The Surrogate’s Placenta: A First-Hand Experience

There are two different types of surrogacy, traditional surrogacy and a gestational carrier surrogacy (TS vs GC).

Traditional Surrogacy is when a surrogate uses her own egg and either the Intended Father’s or a sperm donors sperm to become pregnant, carry and deliver the child and return it to the Intended Parents (IPs). They may use IVF, IUI or in-clinic insemination. At home insemination usually causes legal conflict.

A Gestational Carrier is not a biological parent of the child and this pregnancy is derived from a form of IVF and may occur through one of the following combinations:

Intended Father’s Sperm + Intended Mother’s Egg

Intended Father’s Sperm + Egg Donor

Sperm Donor + Intended Mother’s Egg

Sperm Donor + Egg Donor

Cells from the carrier and baby can and do both cross the placenta, meaning that the woman can carry the baby’s genetic material in her body (usually stored in the brain) for the rest of her life, and the baby/babies can carry a piece of the carrier for their life-span and the placenta is made up of a combination of the intended parents (or sperm/egg donors), baby’s and carrier’s genetic makeup.

Since the placenta would not have been created without the intended parents or the baby/babies, some argue that it is up to the parents to decide whether the surrogate may keep the placenta or not, while others say that the placenta would not exist without the surrogate being so willing to give up her body for the pregnancy, that the surrogate should have the say. The placenta could be beneficial to both parties in regard to the fact that it restores the surrogates hormones and nutrients, and potentially preventing PPD, while if an Intended Mother is inducing lactation,t he hormones and nutrients may be beneficial to her, as well. Regardless, it is something to discuss during contract formation, so there is no question.

From my personal experience, as a gestational carrier of fraternal twins, a boy and girl, I knew from the start that I wanted to keep the placentas. I had an amazing experience with placenta consumption with my son and wanted those benefits again! I had been a professional placenta encapsulator for two years at the point that I delivered them and knew exactly how to handle them. I took both placentas home, on ice, with me from the hospital, chopped them up into pieces and froze them for raw smoothies. I kept the boy’s and the girl’s placenta separated.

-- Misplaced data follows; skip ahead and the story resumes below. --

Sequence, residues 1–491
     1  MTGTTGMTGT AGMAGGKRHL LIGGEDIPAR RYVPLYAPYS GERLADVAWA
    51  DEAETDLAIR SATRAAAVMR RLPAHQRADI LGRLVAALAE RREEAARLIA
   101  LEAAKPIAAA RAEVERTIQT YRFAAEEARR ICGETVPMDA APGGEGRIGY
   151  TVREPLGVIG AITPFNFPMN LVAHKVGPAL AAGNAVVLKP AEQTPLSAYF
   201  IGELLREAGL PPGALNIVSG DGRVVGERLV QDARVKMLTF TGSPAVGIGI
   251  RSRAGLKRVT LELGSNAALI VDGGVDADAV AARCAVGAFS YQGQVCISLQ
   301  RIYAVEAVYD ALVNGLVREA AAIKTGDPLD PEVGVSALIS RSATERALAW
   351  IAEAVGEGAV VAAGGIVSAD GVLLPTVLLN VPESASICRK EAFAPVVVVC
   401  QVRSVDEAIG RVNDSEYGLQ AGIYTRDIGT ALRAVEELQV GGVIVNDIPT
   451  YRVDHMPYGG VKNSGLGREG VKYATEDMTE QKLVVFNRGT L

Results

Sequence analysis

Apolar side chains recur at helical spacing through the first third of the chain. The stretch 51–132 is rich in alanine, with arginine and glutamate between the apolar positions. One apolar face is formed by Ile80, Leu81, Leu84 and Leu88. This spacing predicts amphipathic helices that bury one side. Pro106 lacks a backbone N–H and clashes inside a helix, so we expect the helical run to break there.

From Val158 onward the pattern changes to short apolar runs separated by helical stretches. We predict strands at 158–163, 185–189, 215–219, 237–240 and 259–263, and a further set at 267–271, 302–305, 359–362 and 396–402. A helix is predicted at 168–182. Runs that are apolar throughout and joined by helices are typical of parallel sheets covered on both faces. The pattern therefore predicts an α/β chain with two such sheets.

I preferred to mix the placenta bits with frozen berries, Acai juice, bananas, a greens supplement (Wheatgrass, Kale, spinach, spirulina and more) and Maca.

I found that I had more success with the boy’s placenta! The girl’s placenta made me nauseous and fatigued, while the boy’s gave me energy, helped my bleeding and reduced my hair loss. I did not notice a milk supply impact, positive or negative, with either one of them.

After utilizing them on and off for four months, I decided to bury the remainder of both placentas, in separate, but special locations that are undisclosed, but both next to beautiful, large trees in a natural setting, where they will be undisturbed, hopefully to blossom more plants and life!

Would I have done anything differently?

Yes, looking back, I do believe it would have been best to keep the boy’s for smoothies and use them more often, while encapsulating the girls placenta to hopefully eliminate the negative effects I experienced when I consumed her placenta, but I enjoyed burying them very much, and would recommend it to anyone that cannot or does not want to consume their placenta! It gave me a nice closure for their use for me postpartum.

I would love to hear more experiences from surrogates regarding their placentas… did you consume it or choose to do something else, did you notice similar positive or negative effects from the consumption, how did the intended parents feel about the placenta?

If you want to become a Placenta Professional, make sure you check out our Placenta Course!

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